My Little Cottage (not by the sea)

Life brings you joy, happiness, challenges, changes and a long list of other things. This last year I sold my beach house, got a divorce and could only afford a small older cottage. It is amazing how well we all can adopt.

So begins a new story in my life in a small waterfront town in Washington half a year, and in California the other half. The little house has literally nothing in the yard, but brush that people left for years under the trees. My gardener from my last house took out two full dump trucks full of yard waste and etc. I have spent a lot of time putting down beauty bark, and will slowly plant the garden. (not today) Friends have been generous with gleanings from their gardens, so I know in the long run it will be lovely and carefree! (In appearance, not maintenance)

The entire little house has been painted the brightest white available, and I would love to replace doors, trim and cabinets, but that is not in the budget at the moment. I cheated on the drawing, as the house is actually yellow, not my favorite color! So hopefully next summer we can paint it a nice dark gray.

Every day is a new and mostly fun challenge. Today I discovered who ever lived here waxed the ceramic tile floor. It was already kind of an ugly light pink, but it never looked clean. Today Clorox and a brush on my knees, and a metal scraper, helped it look a tiny bit better.

I serendipitously came to see my first love from college again about a year ago. His late wife was a sorority sister, a beautiful and smart woman whose Celebration of Life I attended. It was wonderful to see they had a wonderful life together. I guess I had always wondered how his life had gone. It was a beautiful celebration and I was so happy to know he had a good life and two wonderful children. It was amazing to reconnect with so many of my AX sorority sisters from fifty years ago.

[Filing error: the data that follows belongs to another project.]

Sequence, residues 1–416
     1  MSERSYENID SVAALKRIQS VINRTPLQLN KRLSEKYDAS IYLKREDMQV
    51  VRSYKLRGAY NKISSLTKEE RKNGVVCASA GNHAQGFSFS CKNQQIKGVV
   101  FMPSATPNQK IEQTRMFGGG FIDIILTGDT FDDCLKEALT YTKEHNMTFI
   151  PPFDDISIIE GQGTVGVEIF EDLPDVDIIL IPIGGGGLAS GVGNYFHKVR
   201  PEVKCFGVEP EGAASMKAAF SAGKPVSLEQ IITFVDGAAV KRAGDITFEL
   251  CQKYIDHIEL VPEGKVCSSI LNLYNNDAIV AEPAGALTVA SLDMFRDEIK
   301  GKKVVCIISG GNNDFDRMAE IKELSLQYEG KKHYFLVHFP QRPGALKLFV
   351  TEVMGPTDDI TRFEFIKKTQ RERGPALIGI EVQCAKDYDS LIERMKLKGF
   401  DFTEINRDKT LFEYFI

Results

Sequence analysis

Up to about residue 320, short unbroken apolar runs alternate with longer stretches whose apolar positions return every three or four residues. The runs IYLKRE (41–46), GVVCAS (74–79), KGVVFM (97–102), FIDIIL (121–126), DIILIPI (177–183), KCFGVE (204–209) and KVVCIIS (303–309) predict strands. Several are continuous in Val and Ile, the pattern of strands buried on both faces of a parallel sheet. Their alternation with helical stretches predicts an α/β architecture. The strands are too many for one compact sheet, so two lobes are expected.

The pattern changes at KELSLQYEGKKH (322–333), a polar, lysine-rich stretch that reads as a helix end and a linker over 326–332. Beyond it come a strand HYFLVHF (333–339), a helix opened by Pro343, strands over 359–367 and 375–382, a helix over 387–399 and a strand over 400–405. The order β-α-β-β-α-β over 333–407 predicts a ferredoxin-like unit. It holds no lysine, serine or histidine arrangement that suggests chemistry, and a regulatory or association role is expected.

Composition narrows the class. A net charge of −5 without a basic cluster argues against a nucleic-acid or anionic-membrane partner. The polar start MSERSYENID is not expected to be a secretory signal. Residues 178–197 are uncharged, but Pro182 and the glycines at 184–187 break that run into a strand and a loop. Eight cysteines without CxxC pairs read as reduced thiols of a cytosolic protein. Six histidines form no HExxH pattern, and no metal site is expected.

Over time Reed & I talked and discovered, both being widowed there was still some magic in life. We are having a amazing time getting to know each other in our seventies. You never know what will happen in life.

With the wildfires and COVET 19 life is not simple for anyone. The air quality was so bad in Washington when I wrote this, I was not sure if it is even a good idea to go to my garage to paint. We are having strange times. I feel lucky to be sharing it with someone so positive, loving and laughing.

My Little Cottage (not by the sea)

Red Meets Black!

In addition to sketching and doing a relatively impressionistic type paint, I love doing big abstracts. This one did not take much time, but just made me happy painting. I usually put on some great music and just enjoy the energy. Stacey Kent is my newest artist of choice. I was introduced to her music when staying a friend’s house. With all the fires going on in Washington, Oregon and California the idea struck me that the all the fury of the fires leaves behind the sadness of the blackened trees and lost homes.

This is fairly large at 48″ wide x 24″ tall.

Red Meets Black!

Love sketching

I was in Vacaville, California when the pandemic began and it was a time, when the big excitement of the day was going for a drive or sitting on the front porch having a glass of wine. I don’t sit still well, so got some pens and started sketching the neighborhood. My oil paints were still in Washington, so could not paint. (Won’t do that again). Here are some of the in house and neighborhood sketches done at that time.

I started with simple sketches around the house.

Beautiful roses in a vase. Probably should have added color. (Oh well)

Drew the house on the corner.

And the house across the street.

Then added color to the house on the corner across the street.

Another house right across the street

And added color

Drew a tree rose in the front garden

Drove back to Bainbridge where I drew my girlfriend’s flower pot. I moved to my little Port Ludlow Cottage and spent the next couple of months trying to organize and move in to the house.

My friend and I were out and about and stopped in Port Gamble in a newly opened wine bar for a glass and a charcuterie plate and I like the house so I took a photo on the way out and drew the house below. I had an extra frame, so I framed the house and dropped by as a gift to the owners.

Once in a while it is just fun to do a nice and unexpected gift!

Love sketching

Art Classes

This summer I took quite a few Art Workshops with different painters. From some, I discovered new ways of seeing art. From others, I had a good review of the basics of art, something all artists should think about from time to time.   As would be expected, I enjoyed a couple of my classes better than others.